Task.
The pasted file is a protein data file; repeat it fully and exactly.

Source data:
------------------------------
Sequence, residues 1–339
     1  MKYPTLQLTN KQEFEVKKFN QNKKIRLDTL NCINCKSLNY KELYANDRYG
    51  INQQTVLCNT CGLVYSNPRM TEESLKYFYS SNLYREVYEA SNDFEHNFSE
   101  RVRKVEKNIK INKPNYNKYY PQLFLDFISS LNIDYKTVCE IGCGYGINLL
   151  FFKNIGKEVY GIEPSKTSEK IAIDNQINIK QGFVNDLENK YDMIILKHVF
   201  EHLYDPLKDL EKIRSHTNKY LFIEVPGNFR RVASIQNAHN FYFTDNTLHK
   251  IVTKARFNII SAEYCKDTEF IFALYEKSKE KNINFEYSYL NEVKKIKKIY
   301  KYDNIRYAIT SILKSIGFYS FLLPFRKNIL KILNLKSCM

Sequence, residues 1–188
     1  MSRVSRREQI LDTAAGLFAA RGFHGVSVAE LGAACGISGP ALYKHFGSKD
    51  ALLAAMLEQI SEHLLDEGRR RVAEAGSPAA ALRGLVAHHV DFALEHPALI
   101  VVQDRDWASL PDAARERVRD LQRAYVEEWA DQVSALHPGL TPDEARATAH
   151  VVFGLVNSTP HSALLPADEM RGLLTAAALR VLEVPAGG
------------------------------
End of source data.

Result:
Sequence, residues 1–339
     1  MKYPTLQLTN KQEFEVKKFN QNKKIRLDTL NCINCKSLNY KELYANDRYG
    51  INQQTVLCNT CGLVYSNPRM TEESLKYFYS SNLYREVYEA SNDFEHNFSE
   101  RVRKVEKNIK INKPNYNKYY PQLFLDFISS LNIDYKTVCE IGCGYGINLL
   151  FFKNIGKEVY GIEPSKTSEK IAIDNQINIK QGFVNDLENK YDMIILKHVF
   201  EHLYDPLKDL EKIRSHTNKY LFIEVPGNFR RVASIQNAHN FYFTDNTLHK
   251  IVTKARFNII SAEYCKDTEF IFALYEKSKE KNINFEYSYL NEVKKIKKIY
   301  KYDNIRYAIT SILKSIGFYS FLLPFRKNIL KILNLKSCM

Sequence, residues 1–188
     1  MSRVSRREQI LDTAAGLFAA RGFHGVSVAE LGAACGISGP ALYKHFGSKD
    51  ALLAAMLEQI SEHLLDEGRR RVAEAGSPAA ALRGLVAHHV DFALEHPALI
   101  VVQDRDWASL PDAARERVRD LQRAYVEEWA DQVSALHPGL TPDEARATAH
   151  VVFGLVNSTP HSALLPADEM RGLLTAAALR VLEVPAGG